We are so glad we decided to make this trip. Just three hours from the East End this is a must-visit that can easily be done in one day. It boasts over 50 miles of trails, including many that are very accessible for hikers of all skill levels, but have just enough of the elevation we’re missing on Long Island. We ended up hiking close to four miles, which considering we were accompanied by a 7- and 4-year-old is pretty much the equivalent of completing a triathlon through a lava pit.
Bayard Cutting Arboretum, Great River
For my money — and I don’t have too much of it, so take it easy if you prove me wrong — this is the best state parks property on Long Island. Designed by iconic landscape architect Frederick Law Olmsted in 1886, it remains a stunning site. Perfectly landscaped and featuring a simple lakeside loop around the historic mansion, plus additional hiking trails for you to explore, it makes for a great afternoon out from anywhere in Suffolk or Nassau counties.
Watkins Glen State Park, Finger Lakes Region
This is hands down the top park for the Parpan clan. The Gorge Trail here is simply gorgeous and it’s really unlike anything else you’ll see in the Finger Lakes or just about anywhere else in New York. We like to make a long weekend out of a trip here, with visits to nearby wineries and towns like Ithaca, which boasts our favorite farmer’s market.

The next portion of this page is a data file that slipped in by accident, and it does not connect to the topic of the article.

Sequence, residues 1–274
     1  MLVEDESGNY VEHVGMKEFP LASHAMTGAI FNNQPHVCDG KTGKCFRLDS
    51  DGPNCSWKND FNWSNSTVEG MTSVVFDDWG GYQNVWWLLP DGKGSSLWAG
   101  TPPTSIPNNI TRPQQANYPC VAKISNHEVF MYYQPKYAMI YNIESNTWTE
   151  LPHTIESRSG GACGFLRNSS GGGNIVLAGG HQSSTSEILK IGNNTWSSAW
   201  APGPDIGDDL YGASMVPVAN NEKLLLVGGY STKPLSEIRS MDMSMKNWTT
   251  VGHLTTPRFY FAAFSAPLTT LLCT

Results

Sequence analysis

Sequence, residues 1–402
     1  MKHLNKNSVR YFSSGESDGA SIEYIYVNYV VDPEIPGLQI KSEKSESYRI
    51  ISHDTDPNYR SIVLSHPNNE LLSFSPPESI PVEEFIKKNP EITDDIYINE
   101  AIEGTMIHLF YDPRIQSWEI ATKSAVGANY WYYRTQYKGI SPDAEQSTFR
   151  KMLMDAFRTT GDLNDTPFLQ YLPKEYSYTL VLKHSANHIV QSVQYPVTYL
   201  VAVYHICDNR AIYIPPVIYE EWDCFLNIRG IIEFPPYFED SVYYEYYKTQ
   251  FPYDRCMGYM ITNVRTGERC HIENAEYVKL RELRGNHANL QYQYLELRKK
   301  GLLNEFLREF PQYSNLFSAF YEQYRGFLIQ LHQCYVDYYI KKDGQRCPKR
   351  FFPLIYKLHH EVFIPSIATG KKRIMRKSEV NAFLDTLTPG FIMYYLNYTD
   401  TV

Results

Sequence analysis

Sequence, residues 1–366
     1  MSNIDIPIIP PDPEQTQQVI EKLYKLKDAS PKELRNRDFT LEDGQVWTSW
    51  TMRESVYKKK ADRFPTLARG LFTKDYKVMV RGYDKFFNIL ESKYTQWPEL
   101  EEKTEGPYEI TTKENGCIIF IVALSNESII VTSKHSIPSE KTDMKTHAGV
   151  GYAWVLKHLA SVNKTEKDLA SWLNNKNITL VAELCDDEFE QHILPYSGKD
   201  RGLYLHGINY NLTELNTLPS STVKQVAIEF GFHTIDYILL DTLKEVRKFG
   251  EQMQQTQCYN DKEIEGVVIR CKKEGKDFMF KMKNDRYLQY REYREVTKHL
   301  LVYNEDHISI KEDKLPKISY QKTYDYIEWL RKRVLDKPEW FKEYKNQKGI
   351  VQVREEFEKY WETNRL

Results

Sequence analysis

Orient Beach State Park, Orient
When my family hits a park, Vera and I want nature and the kids want a playground. That’s a big reason why Orient Beach is a top local spot for us. It boasts an expansive playground area on the bay and has the best drive into a park anywhere as you stare out at the ferry terminal with one eye and make sure you don’t strike wildlife with the other.
Niagara Falls, Niagara Region
I visited here once with my parents when I was 18 years old and while they went out and experienced the mist, I mostly slept in the hotel room. For 24 years now, I’ve wanted a second chance. This time I will be determined to make sure my own kids make the most of it. This is on the summer vacation must-do list.
Bear Mountain State Park, Palisades Region
The fall months are a great time to visit this region and from the elevation at this particular park you can get some great hiking views of the fall foliage. Plus it’s a quick shot through New York City, making it an easy trip for a same-day return.
Montauk State Park, Montauk
There are few, if any, more iconic Long Island landmarks than the Montauk Point Lighthouse, located at this state park. It’s so easy to visualize and when you arrive it still takes your breath away. My heart may be on the North Fork, but Montauk is just too easy to fall in love with.
Walkway over the Hudson State Park, Taconic Region
I’m not sure a lot of people realize the world’s longest elevated pedestrian bridge is located in Poughkeepsie. At just over a mile and a quarter long, the bridge is 21 stories high and should create a thrill while also leading to spectacular views.
The Great Indoors
The cottages at Wildwood State Park, Wading River
Ever since we wrote about them in the magazine, I’ve secretly pined for a staycation inside the new cottages at Wildwood. I’ve been here many times, having grown up just a few miles away. I’ve even camped here before. But I’ve never lived this large. And hey, we can even hook up the devices on this trip!